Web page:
The new long-term Linux kernel, Linux 4.14, has arrived

For the next six years, Android smartphones, embedded Linux devices, and Linux-based Internet of Things gadgets will use the newly released Linux 4.14 kernel.
Written by Steven Vaughan-Nichols, Senior Contributing Editor

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Linus Torvalds quietly released the latest Linux 4.14 kernel on Nov. 12. It won't be a quiet release, though. The Linux developers had previously announced that 4.14 would be Linux's next long-term support (LTS) version of the Linux kernel. That's important because Linux LTS version now has a six-year life span.

That changes everything for Linux device developers. As Google senior staff engineer Iliyan Malchev recently said, "All Android devices [...] are based of the LTS kernel. The problem with LTS is it's only two years. And so, by the time the first devices on a SoC [System on a Chip] hit the market, you have maybe a year, if you're lucky, of LTS support. And, if you're not, it's over." Now, Internet of Things (IoT), smartphone, and embedded Linux device developers can build gear knowing that it's operating system will be supported until 2023.

In addition, thanks to new Linux security development tools, Torvalds expects Linux to be safer than ever. He remarked, it's "worth pointing out how the 0day robot has been getting even better (it was very useful before, but Fengguang has been working on making it even better, and reporting the problems it has found)."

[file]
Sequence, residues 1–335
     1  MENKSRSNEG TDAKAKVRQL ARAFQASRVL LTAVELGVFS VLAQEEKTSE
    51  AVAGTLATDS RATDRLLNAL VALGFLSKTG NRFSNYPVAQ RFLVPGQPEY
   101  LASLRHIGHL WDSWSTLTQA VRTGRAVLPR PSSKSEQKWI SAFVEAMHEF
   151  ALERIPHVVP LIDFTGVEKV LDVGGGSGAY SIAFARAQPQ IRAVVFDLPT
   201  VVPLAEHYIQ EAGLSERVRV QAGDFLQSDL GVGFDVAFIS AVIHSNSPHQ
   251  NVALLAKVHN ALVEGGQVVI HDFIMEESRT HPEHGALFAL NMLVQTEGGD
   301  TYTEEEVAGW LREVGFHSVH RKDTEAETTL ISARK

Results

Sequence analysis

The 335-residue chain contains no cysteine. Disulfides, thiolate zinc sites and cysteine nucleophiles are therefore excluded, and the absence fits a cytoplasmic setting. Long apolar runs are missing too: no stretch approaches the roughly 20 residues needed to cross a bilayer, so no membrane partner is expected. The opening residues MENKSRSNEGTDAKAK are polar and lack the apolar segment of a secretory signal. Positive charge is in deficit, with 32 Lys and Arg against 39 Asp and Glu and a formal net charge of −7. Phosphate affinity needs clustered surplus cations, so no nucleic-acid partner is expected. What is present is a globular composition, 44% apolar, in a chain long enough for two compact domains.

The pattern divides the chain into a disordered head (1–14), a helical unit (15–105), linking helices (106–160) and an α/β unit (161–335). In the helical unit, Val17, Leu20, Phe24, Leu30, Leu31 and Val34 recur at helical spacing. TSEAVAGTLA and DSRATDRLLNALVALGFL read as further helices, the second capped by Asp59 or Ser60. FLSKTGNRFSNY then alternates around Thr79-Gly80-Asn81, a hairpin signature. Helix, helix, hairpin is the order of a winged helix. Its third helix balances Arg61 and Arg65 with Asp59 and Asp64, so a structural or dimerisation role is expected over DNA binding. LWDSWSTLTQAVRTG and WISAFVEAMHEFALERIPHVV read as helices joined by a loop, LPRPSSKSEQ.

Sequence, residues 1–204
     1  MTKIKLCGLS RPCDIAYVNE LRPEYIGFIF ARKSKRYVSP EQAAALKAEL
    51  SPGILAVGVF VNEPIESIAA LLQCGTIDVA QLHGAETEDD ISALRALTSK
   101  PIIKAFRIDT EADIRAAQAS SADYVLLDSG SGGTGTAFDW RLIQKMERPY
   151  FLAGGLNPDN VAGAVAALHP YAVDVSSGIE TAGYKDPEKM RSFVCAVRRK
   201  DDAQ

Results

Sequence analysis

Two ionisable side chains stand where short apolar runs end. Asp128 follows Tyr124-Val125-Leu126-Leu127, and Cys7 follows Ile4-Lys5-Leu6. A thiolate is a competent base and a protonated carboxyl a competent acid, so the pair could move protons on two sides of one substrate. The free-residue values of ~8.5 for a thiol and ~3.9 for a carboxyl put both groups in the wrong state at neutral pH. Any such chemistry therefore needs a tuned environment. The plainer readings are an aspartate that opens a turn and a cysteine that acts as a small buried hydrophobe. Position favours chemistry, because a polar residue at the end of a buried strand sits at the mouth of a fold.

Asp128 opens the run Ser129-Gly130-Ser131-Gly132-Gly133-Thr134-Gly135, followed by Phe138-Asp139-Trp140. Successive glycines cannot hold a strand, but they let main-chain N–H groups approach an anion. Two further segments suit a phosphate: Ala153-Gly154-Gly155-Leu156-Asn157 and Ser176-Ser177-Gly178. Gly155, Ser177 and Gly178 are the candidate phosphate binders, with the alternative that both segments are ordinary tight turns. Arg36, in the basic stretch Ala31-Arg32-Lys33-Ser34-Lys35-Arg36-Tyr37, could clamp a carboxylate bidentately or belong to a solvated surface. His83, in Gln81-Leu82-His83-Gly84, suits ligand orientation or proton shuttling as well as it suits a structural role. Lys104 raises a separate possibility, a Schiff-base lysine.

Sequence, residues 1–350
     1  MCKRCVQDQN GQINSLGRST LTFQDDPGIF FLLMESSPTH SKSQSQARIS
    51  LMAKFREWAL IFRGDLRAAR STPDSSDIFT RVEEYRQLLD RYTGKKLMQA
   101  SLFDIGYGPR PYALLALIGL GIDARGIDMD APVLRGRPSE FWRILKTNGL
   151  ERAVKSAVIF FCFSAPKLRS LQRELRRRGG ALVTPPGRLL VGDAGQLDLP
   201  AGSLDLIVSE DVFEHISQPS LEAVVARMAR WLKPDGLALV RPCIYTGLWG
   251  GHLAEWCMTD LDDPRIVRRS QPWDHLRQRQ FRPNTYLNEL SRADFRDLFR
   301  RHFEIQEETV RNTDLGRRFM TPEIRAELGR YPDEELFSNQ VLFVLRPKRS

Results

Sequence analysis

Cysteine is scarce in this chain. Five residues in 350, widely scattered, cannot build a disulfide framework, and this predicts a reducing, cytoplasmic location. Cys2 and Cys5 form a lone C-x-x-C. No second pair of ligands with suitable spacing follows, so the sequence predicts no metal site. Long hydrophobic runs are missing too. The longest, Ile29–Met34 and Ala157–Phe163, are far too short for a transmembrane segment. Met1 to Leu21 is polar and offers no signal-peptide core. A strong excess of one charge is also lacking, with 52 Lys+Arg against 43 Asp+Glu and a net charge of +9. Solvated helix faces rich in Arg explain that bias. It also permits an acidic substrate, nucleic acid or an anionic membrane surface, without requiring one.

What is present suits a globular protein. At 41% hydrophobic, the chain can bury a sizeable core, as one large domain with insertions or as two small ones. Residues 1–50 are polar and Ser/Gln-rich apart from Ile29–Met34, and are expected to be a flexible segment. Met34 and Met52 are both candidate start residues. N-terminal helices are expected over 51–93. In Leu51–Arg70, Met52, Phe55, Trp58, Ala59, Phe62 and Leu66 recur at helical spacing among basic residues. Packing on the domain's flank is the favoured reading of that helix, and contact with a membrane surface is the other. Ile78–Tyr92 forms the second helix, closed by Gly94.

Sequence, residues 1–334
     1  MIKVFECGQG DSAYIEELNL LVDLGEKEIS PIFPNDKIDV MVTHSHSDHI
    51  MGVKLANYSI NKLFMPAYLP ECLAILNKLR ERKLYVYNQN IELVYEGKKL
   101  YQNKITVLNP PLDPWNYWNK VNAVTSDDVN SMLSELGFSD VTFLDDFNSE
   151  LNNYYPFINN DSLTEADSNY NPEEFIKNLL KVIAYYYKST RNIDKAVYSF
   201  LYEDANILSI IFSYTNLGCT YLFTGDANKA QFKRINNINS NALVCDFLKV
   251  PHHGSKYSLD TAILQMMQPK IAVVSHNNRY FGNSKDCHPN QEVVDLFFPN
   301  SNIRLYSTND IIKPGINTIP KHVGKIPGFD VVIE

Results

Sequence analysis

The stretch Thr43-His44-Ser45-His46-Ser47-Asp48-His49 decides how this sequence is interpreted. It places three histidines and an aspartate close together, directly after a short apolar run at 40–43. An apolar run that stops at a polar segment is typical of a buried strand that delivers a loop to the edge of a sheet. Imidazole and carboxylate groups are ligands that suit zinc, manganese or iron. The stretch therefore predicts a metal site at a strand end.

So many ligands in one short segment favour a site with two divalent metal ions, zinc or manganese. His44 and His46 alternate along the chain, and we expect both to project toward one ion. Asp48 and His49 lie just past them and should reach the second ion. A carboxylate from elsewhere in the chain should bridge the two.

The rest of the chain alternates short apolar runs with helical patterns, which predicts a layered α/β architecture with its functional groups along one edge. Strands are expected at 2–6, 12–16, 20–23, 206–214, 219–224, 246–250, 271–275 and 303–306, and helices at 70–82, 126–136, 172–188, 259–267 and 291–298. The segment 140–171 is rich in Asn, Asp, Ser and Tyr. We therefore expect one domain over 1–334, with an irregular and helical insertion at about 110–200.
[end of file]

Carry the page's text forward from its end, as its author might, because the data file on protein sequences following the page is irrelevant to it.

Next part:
What Torvalds is talking about here is Intel's 0-Day test project. Led by Intel engineer Fengguang Wu, this zero-day security testing system automatically and constantly run regression tests on the mainline kernel and over 400 Linux developer trees. As soon as a change is made, it pulls the patch set and immediately tests several builds, progressing through boot and function tests, and finally power and performance tests.

This, combined with more Linux fuzzing tests, has made Linux more secure than ever. With fuzzing random code is pushing into Linux's inputs to induce errors. This helps identify potential security holes before they can open.

The new release also features support for Address Space Identifier (ASID), AKA as PCID on x86 systems, AMD memory encryption support for its EPYC processors, and support for Intel's 5-level paging. All this gives the latest Linux better memory management paging support for virtual machines (VM)s. Specifically, virtualization programs such as Microsoft Hyper-V, Xen, and KVM will work better with Linux 4.14.

In terms of numbers, most Linux 4.14's improvements has been with device driver updates. According to Torvalds, there were over 1,500 contributors to this release. It also boasts more support for developer boards including the Raspberry Pi Zero W.

Heterogeneous Memory Management (HMM) has also finally made it into Linux. This feature enables GPUs and CPUs to access a process's shared address space. Both supercomputing and programs using parallel-processing languages and application programming interfaces (API) such as OpenCL 2.0, Nvidia's CUDA, and C++'s Parallel Algorithm Scheduling Library (PASL) will find this useful.

Put it all together and when you look at Linux 4.14, you're looking at Linux's future until the 2020s.

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